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APOGEN presents five Recommendations for the Presidency of the Council of the European Union

Promote knowledge about generic and biosimilar medicines and develop competitive and sustainable market policies. These are some of the recommendations presented in the e-conference “Value in Health – the Commitment of Generic and Biosimilar Medicines”.

The meeting, promoted by APOGEN – Portuguese Association of Generic and Biosimilar Medicines, brought together several specialists around the debate on the value in health and also served for the presentation of five Recommendations for the Presidency of the Council of the European Union 2021.

Over the past nine years, the savings generated by generic drugs on an outpatient basis have increased steadily. However, growth did not happen “consistently“, despite being “through generic and biosimilar medicines that situations of true vertical and horizontal equity can be created”, with the resources released making “an important contribution to the National Health Service. Health (SNS) and for families so that they can finance the acquisition of other goods and services ”, said João Madeira, President of APOGEN.

Despite a safety and efficacy widely proven and confirmed, and having the SNS, as reinforced by several of the specialists present at the meeting, a sustainability problem, “we still do not use the effects of generics and biosimilars at full power”, confirms Hélder Mota Filipe, Associate Professor at the Faculty of Pharmacy, University of Lisbon, who was responsible for presenting the Recommendations, which are nothing more than “considerations about the role that these drugs can play, not only at national level, but also at European level”.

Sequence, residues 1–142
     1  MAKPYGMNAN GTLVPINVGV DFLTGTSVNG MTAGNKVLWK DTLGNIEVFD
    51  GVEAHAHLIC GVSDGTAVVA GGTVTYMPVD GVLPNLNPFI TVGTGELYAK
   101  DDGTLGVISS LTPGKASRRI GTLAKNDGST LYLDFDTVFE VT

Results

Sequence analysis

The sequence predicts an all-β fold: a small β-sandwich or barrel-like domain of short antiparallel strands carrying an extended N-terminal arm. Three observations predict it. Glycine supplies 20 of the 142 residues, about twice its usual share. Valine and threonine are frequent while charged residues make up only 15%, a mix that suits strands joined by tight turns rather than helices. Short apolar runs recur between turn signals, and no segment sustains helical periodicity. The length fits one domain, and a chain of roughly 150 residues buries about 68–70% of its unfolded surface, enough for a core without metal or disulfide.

Recommendations for the Presidency of the Council of the European Union 2021:

  • Promote knowledge about generic and biosimilar medicines through the involvement of strategic partners, namely health professionals, patients, and policymakers, promoting informed self-management of health processes and improving the population’s health levels;
  • Integrate, in the prescription systems, updated information to support the decision on the availability of generic or biosimilar medicines, promoting a more rational and cost-effective prescription;
  • Evaluate clinical guidance standards and algorithms to support the clinical decision as soon as a biosimilar or generic drug is available and promote its adoption, whenever justified from a therapeutic point of view, improving the results for the patient and/or promoting gains efficiency for the health systems, namely for the NHS. It is also important that, as soon as there are generics or biosimilars available, that clinical guidelines can be almost immediately reviewed, adjusting them to these realities;
  • Foster predictability and competition on the part of procurement systems, guaranteeing the full execution of tenders, the reopening of procurement processes after the entry into the market of a first generic or biosimilar medicine and that the award deadlines incorporate the lead time of manufacturing;
  • Develop competitive and sustainable market policies that take into account the economic viability of suppliers of generic and biosimilar medicines and the role they play in the long-term sustainability and preservation of the NHS.

During the meeting, much was said about oncology, with Rosa Giuliani, an oncologist and responsible for Public Policy for the European Society of Medical Oncology (ESMO), warning that, in this area, “there are essential drugs that, however, are not available to many patients.

There has been a lot of discussion about biosimilars, but for me, as a health professional, what is more important is that biosimilar medicines will allow increased access and increased access to important treatment options, contributing to the sustainability of cancer treatment”, which, as confirmed by Rui Santos Ivo, president of Infarmed, “represents a very high burden on health systems, with the progressive loss of patents creating a significant savings potential”.

And the voice of João Madeira also spoke of the importance of using digital tools to increase access to medicines, with quality and without an increase in spending.

The president of APOGEN suggested, in this sense, the creation “of a simplex for the medicine area, as well as “the more intensive use of prescription software, the adoption of electronic computer leaflets, the reduction of expenditure through the elimination of packaging test”, among others.

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